As the Vatican is to Catholicism, Washington, DC is to the APA
The Vatican of Guild Psychology is its multistory, multi-million dollar office building at 753 First Street NE in Washington, DC. The building is within blocks of Union Station, Constitution Avenue, and the Senate and House of Representatives Office Buildings –as in real estate, so in influence, “location, location, location”. To underscore the importance of location, consider the recent press release from APA Division 9, the Society for the Psychological Study of Social Issues (SPSSI):
On October 25, 2016, Dr. Kim A. Case and Dr. Kevin Leo Yabut Nadal presented at a SPSSI-sponsored Congressional Lunch Seminar on the topic of discrimination against and inclusion of LGBTQ-identified individuals and communities. The seminar was hosted in conjunction with the Honorable Jim McGovern and attended by close to 100 congressional staffers and professionals from advocacy, association, and other nonprofit organizations.
Per the press release, Dr. Kevin Leo Yabut Nadal presented on “the impacts of microaggressions, or subtle forms of discrimination, on the mental and physical health of people of color; lesbian, gay, bisexual, transgender, and queer (LGBTQ) people; and other marginalized groups.” Dr. Nadal’s books include That’s So Gay: Microaggressions and the Lesbian, Gay, Bisexual, and Transgender Community (2013, APA Books).
In accord with the broad reach of psychology, “microaggressions” have become a new category of anguish and complaint among students and faculty at US colleges and universities. But since microaggressions are“in the eye of beholder” and vary by context and recipient, is this a scientific term? Can microaggressions even be parsed to be given unique grammatical forms? I think not, but the fallout from the psychologizing of everyday language and behavior is the creation of new grounds for victimhood and accusation toward others. Paradoxically the microaggressions’ construct may falsify perception, accentuate the sense of difference, and inflame misunderstanding. As Harry Stack Sullivan said, “We are all more simply human than otherwise.” Rather than accentuate wounds, people of good will ought to seek our common ground in humanity.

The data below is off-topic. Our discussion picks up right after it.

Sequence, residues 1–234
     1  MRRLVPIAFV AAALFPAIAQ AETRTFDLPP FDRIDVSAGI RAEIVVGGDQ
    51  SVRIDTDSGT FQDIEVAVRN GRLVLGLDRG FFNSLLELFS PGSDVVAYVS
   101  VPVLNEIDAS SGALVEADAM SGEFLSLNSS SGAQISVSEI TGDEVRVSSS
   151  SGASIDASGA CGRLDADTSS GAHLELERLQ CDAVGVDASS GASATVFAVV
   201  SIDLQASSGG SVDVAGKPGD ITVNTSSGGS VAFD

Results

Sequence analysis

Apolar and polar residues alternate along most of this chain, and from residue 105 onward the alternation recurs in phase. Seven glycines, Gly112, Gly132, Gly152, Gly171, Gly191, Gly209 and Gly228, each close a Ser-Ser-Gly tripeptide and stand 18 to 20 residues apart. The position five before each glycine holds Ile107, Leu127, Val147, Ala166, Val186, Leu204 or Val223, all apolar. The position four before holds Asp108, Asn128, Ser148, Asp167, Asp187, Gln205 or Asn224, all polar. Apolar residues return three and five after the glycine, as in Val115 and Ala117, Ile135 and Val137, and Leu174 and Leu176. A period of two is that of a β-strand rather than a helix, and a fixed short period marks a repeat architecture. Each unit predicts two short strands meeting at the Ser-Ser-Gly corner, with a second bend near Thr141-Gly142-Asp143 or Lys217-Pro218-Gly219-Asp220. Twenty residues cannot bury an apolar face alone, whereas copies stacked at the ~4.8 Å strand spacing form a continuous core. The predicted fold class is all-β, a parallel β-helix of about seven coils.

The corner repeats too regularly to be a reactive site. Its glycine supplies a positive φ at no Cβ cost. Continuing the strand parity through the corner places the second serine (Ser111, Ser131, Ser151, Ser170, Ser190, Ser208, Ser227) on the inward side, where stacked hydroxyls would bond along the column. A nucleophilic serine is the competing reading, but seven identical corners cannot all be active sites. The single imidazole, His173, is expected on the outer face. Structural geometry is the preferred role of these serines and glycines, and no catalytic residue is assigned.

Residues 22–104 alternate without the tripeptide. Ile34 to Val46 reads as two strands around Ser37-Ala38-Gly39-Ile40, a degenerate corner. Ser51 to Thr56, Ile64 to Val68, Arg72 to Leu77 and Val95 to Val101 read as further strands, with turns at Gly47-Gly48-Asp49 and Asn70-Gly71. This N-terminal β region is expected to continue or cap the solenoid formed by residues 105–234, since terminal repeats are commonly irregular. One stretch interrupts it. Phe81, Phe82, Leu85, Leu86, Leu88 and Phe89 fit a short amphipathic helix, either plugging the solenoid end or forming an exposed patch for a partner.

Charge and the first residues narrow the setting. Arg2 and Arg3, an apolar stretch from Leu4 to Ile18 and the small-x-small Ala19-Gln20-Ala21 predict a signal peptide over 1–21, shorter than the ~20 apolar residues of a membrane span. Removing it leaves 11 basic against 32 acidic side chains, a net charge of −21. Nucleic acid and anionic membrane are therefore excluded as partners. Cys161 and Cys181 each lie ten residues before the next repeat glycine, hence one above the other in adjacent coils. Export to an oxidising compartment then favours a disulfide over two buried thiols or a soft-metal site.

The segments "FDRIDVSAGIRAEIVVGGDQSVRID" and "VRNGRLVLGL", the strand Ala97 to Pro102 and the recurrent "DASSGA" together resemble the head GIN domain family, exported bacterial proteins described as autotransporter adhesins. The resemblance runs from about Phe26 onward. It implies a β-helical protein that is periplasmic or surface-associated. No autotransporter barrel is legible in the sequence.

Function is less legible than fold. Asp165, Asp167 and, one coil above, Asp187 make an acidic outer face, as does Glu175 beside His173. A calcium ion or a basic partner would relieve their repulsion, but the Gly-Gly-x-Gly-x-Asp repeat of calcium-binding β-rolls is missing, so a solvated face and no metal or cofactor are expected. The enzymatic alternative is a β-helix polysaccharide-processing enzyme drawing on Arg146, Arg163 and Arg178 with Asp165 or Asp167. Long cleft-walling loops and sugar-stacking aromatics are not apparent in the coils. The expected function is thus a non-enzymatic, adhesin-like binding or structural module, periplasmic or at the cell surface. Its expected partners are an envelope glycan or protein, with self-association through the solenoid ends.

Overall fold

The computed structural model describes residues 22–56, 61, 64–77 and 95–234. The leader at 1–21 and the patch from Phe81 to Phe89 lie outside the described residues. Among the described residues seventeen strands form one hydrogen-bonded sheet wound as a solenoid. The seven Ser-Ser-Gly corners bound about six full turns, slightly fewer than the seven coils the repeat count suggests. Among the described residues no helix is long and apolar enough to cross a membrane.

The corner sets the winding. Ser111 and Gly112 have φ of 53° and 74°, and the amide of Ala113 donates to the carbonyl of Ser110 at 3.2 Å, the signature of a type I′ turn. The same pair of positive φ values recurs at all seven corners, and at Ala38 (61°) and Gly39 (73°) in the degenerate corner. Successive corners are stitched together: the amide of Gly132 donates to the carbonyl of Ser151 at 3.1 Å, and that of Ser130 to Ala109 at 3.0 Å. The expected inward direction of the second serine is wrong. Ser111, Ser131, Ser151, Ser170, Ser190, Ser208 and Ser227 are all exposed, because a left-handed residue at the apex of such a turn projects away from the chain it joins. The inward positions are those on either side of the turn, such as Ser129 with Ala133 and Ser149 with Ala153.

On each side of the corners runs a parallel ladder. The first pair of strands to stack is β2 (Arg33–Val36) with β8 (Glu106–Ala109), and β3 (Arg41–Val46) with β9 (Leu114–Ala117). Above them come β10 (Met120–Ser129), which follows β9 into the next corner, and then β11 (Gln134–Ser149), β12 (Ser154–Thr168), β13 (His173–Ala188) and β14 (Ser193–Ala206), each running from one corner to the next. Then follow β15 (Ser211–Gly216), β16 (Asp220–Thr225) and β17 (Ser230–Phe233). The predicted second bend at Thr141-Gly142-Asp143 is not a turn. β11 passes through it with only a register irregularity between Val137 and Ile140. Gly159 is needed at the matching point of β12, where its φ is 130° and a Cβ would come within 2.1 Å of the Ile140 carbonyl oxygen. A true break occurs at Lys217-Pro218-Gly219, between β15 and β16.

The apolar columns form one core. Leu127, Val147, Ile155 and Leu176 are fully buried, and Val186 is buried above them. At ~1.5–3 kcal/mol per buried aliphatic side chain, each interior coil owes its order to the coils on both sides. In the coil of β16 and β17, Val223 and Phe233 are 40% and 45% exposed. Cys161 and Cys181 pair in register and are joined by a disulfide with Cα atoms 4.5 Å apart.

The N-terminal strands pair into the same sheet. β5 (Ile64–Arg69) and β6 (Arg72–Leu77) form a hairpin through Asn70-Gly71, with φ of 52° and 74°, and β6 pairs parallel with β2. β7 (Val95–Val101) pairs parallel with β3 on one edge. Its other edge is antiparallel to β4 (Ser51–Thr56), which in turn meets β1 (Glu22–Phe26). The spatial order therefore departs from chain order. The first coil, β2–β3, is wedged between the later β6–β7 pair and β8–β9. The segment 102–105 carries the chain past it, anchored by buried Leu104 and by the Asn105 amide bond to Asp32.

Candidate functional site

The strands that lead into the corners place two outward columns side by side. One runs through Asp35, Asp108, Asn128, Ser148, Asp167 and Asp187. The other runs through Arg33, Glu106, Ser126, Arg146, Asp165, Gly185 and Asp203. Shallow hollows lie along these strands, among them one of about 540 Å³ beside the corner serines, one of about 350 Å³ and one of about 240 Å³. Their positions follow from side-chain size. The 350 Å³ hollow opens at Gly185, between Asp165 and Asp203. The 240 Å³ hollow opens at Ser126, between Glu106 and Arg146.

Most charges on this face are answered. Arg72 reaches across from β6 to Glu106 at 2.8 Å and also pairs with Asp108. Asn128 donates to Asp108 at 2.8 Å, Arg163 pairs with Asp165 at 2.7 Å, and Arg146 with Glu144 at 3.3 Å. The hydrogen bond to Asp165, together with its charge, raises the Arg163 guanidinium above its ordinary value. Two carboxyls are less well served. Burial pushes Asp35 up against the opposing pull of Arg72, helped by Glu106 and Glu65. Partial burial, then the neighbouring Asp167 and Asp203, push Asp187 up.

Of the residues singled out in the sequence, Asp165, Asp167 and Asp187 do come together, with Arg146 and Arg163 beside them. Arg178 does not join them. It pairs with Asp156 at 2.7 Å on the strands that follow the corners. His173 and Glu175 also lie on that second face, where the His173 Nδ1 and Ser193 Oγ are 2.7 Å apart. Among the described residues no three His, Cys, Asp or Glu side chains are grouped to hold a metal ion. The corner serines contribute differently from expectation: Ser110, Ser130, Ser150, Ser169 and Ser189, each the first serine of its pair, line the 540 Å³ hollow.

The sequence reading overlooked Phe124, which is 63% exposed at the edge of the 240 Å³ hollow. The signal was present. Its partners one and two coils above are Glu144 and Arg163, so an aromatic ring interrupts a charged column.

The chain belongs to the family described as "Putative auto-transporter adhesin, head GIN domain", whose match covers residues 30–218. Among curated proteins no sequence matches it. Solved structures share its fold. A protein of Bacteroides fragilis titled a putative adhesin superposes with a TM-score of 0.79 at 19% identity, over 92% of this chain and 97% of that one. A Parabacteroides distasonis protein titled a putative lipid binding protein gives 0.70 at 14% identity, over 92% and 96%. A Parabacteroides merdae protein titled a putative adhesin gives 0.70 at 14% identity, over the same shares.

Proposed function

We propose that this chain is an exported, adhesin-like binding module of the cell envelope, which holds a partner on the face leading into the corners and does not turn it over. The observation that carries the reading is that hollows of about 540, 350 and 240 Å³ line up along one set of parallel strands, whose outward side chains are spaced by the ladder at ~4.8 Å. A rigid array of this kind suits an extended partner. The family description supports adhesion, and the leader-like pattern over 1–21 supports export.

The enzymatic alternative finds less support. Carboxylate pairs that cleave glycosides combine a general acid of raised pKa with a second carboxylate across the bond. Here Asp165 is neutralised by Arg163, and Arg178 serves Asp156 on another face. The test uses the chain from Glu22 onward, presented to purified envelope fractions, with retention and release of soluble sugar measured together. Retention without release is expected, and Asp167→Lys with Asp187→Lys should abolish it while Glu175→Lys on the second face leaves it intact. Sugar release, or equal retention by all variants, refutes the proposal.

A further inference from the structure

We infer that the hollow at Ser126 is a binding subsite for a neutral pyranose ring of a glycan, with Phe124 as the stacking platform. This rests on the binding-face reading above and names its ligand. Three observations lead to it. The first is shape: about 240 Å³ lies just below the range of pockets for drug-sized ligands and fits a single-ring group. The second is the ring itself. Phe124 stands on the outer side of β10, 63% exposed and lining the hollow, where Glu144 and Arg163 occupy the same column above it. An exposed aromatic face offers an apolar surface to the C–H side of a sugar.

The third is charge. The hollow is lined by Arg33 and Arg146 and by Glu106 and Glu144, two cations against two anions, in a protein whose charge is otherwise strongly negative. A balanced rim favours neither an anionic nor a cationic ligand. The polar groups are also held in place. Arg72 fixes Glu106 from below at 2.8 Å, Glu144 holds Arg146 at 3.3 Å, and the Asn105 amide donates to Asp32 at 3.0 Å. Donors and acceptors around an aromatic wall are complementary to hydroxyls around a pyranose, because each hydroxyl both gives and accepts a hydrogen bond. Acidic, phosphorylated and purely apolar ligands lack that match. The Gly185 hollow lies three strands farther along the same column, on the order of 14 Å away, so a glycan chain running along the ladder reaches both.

Guild psychology freely dispenses amicus briefs, policy and practice recommendations, and criticism of dissent with the moral authority of any church. Like the priestly orders of the Catholic Church, members of the priestly orders of psychology adhere to cannons and reverential invocations. A scientific psychology abhors dogma, but Guild psychology claims solutions to all manner of personal and social problems. Guild psychology claims the moral high ground, and scientific psychology seems pallid in comparison.
Guild Psychology and Public Policy
The problem may be stated this way: If guild psychology is a science (a big if) and if guild psychology discovers some valid finding, can psychology thereby make valid public policy pronouncements? The short answer is “not inherently” because public policy depends upon the aggregate knowledge, resources, science, law, moral opinion, wisdom, traditions, and purposes of a people. At best, psychology can only provide a voice among the many voices in matters of public policy. The voices range from historians, lawyers, medical doctors, and sociologists to workers, farmers, artisans, and families. These are the voices of the commons. These are the voices of democracy.